Perfect Competition

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  • Topic: Economics, Perfect competition, Monopoly
  • Pages : 10 (2539 words )
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  • Published : May 15, 2013
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(a)Distinguish between perfect competition, monopolistic competition and oligopoly. [12]

b) To what extent is it true to assert that monopolies are against public interest? [13]

In the perfectly competitive market, all firms are price takers. They can sell all the output they produce at the going market price and none at all at even a slightly higher price.

The product sold is homogeneous. Even if there are a hundred or more separate firms producing the good, each unit is identical to another.

Every buyer and seller is quite aware of the price and quality of the product offered for sale in every part of the market. This means that if one seller will offer a slightly higher price, no one will buy from him. Knowing this fact, no seller will be tempted to sell at a price other than the market price. A higher price will make him lose customers unnecessarily, whereas if he were to charge a smaller price he would make losses compared to the other competitors, since he could have sold all his goods at the market price anyway.

Finally, any number of firms may enter the industry or leave at any time without any restriction, legal or otherwise.

The demand curve faced by one firm in an industry in a perfectly competitive market is a straight line parallel to the quantity axis. Since the firm is a price taker, it accepts to sell any amount it can produce at the price determined by the forces of demand and supply at the industry level. Such a demand curve is said to be perfectly elastic. It is a straight line which is horizontal at the level of the price. [Fig.2(b)]. In such conditions, the average revenue [AR] is equal to the marginal revenue [MR] and both the AR curve and the MR curve coincide with the demand curve.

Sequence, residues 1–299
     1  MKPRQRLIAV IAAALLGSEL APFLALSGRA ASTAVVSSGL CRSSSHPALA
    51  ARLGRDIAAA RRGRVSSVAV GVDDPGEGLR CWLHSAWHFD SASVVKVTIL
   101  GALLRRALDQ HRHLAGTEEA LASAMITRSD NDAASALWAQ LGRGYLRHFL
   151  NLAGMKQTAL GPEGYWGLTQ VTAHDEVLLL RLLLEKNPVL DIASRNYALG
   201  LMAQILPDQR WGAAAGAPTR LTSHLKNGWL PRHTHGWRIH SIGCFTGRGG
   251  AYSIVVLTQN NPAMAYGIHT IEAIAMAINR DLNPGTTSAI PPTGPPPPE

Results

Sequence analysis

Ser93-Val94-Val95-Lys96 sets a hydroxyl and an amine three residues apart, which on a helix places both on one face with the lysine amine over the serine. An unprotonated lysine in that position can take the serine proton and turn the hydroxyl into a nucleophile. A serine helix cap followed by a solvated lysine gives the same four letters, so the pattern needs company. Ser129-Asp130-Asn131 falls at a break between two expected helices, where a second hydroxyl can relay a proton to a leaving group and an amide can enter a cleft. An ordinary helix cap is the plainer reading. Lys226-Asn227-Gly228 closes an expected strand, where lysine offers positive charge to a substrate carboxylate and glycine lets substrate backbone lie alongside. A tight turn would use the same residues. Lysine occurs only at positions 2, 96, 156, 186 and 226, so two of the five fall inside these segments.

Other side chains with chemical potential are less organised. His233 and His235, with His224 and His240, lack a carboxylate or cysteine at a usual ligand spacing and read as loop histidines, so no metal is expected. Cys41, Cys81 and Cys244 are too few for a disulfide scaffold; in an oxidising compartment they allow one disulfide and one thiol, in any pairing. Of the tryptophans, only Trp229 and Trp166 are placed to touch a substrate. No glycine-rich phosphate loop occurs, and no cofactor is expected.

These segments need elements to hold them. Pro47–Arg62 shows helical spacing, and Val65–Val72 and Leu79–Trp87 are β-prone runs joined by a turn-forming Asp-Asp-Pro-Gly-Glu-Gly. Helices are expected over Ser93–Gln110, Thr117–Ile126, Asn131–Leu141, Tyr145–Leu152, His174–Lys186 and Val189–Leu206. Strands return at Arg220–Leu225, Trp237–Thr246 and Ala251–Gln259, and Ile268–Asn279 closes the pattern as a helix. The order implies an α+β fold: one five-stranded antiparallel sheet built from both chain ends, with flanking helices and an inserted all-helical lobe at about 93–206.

PriceS Price

P0P0 D = MR = AR

O Q Quantity O Quantity Fig.2(a) : Industry equilibrium Fig. 2 (b) : Firm’s demand curve

In a monopolistically competitive market, there is a large number of firms which compete with one another. But, every firm in the industry produces a good which is slightly differentiated. Consequently, they are not perfect substitutes for one another. This means that though they may be producing the same good, in the minds of the consumers they are perceived as not being fully identical. The firms, therefore, are not price takers. Each one can raise the price of its product without losing all its sales to its competitors or lower it to sell more. In the industry, there is freedom of entry and exit. The average firm faces a downward sloping demand curve which is fairly flat, showing that it is rather elastic because of the large number of substitutes in the market.

An example of a monopolistically competitive industry is the soap industry, where different brands of the product are produced in different sizes, colours, fragrances and packages. Some consumers may get used to the fragrance of one brand and stick to buying it even if its price changes. This is called brand loyalty. The firm selling the good, thus exercises monopoly power to some extent on the loyal purchasers.

Price MC ACMC

AC

p s

a t
AR = D
AR

MRMR

O qo Quantity Fig.1 : Demand curve...
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